In my last blog I suggested that doing can be better than analysing. Advertising guru Bill Bernbach put it succinctly:Vaclav Havel quote
“Logic and over-analysis can immobilize and sterilize an idea. It’s like love – the more you analyse it the faster it disappears.”
Over the past decade technology has transformed the ability of companies to gather feedback from their customers. Research agencies used to deliver focus groups (of 6 to 8 people), consumer panels (of hundreds) and Usage and Attitude or Omnibus surveys (with a couple of thousand respondents). Now there are real-time post-transactional surveys via IVR, SMS email or web which can gather feedback from tens of thousands of customers in a single month. Once research teams spent weeks to analyse data, more weeks to devise strategies and months to implement solutions. Now insight and operational teams are being asked to extract insight and implement improvement programmes in weeks; and front-line staff are able to trigger customer recovery programmes within minutes of feedback being left. The landscape has shifted irrevocably.
Nate Silver, the pundit who accurately predicted the results of every single state in the 2012 US election, describes in his book ‘The signal and the noise’ the 2.5 quintillion bytes of data each day from which we can make predictions. (The signal is the truth. The noise is what distracts us from the truth). But even with all this volume of data he believes: “We can never make perfectly objective predictions. They will always be tainted by our subjective point of view.” So no matter how carefully data is analysed and KPIs correlated our ability to accurately predict the impact on customer behaviour of changes to a service model will always be subject to our own hopes and expectations.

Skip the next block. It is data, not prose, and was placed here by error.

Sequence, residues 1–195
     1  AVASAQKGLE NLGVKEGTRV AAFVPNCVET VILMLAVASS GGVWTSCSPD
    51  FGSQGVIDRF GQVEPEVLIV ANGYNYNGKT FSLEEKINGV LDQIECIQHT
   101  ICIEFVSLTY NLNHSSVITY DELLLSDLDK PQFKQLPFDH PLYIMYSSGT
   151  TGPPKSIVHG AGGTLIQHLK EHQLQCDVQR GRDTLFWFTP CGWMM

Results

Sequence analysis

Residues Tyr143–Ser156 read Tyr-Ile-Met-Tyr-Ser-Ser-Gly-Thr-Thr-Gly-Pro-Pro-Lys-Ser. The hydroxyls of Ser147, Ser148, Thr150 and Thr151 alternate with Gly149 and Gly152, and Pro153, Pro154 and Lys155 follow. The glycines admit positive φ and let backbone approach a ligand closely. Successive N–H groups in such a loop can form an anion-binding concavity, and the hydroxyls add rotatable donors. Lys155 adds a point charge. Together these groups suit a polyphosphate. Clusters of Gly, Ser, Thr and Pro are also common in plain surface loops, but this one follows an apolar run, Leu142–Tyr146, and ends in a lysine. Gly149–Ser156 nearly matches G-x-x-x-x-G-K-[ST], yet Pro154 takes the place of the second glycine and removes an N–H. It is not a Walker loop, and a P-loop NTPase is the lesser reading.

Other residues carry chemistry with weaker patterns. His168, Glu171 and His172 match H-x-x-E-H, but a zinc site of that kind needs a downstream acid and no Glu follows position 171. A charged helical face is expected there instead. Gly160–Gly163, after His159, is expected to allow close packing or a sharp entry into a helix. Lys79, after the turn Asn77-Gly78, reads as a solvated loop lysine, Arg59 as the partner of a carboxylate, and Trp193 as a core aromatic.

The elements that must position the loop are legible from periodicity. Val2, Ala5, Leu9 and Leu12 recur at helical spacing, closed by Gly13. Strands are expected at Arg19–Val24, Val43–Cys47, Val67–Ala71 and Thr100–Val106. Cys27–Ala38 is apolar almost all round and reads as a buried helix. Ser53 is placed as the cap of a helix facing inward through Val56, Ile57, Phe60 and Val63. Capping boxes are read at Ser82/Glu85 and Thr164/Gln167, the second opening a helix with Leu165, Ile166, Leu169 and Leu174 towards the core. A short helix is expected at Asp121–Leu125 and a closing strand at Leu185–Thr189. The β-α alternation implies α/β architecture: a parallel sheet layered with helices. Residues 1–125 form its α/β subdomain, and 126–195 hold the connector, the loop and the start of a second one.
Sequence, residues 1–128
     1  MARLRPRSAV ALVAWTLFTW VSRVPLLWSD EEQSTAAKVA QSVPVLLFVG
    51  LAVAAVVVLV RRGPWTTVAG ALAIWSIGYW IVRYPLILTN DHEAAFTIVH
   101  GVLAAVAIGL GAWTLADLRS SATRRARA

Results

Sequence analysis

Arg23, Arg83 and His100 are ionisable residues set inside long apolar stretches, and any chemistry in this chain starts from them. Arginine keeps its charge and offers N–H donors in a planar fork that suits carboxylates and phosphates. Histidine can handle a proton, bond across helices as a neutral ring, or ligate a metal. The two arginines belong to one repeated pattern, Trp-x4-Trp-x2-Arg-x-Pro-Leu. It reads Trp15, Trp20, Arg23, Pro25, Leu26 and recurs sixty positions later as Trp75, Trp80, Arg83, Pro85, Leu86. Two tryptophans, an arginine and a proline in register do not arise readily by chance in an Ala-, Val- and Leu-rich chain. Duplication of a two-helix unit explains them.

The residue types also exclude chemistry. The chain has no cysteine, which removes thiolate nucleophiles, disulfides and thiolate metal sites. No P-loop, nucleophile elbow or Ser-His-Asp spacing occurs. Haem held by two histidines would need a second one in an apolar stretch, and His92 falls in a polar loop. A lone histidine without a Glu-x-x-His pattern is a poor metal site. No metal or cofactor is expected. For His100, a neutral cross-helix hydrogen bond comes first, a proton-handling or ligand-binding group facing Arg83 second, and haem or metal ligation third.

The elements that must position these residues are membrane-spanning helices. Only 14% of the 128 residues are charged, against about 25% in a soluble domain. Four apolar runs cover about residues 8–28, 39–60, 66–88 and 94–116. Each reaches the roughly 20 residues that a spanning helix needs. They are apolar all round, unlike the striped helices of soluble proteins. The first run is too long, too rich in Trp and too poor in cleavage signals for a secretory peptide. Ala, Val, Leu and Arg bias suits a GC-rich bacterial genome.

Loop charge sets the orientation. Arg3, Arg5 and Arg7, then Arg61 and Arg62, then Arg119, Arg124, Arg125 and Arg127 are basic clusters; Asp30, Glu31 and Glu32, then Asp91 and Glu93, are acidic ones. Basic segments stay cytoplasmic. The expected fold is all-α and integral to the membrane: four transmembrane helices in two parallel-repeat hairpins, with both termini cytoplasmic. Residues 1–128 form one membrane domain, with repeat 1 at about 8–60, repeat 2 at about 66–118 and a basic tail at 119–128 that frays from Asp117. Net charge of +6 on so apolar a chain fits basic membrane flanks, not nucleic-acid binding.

It’s also true that what one customer sees as excellent service another could see as merely average. Even the same customer will react differently depending on which side of bed they got out of that morning. The same is true of your employees. This means that theoretical models of the impact of customer service changes on customer experience feedback can only ever be theoretical. You only really find out what’s going to happen when you press the ‘go’ button. No matter how much you analyse data, no matter how elaborate your statistical correlations and regression analyses remember that customers are not machines to be manipulated by twiddling a series of service input dials. Service is still primarily an exchange between two humans (even when the human is automated as an IVR solution) and is subject to the foibles of human interaction.
You make your employees better at delivering service by giving them a framework of guidelines within which they can build a relationship on their own terms (rather than following a script); by letting them learn on the job; by doing rather than discussing what to do. You make your customers happier by treating them as individuals rather than types; by tailoring service to their needs; and by delivering a brilliant customer experience rather than hypothesizing what makes it so.
In my next blog I’ll be looking at the crucial role that a shared vision plays in helping an organisation implement first class customer service. If you missed the first two blogs and this has piqued your interest you can catch up here.
As always if you have any thoughts or comments I’d be only too pleased to hear from you.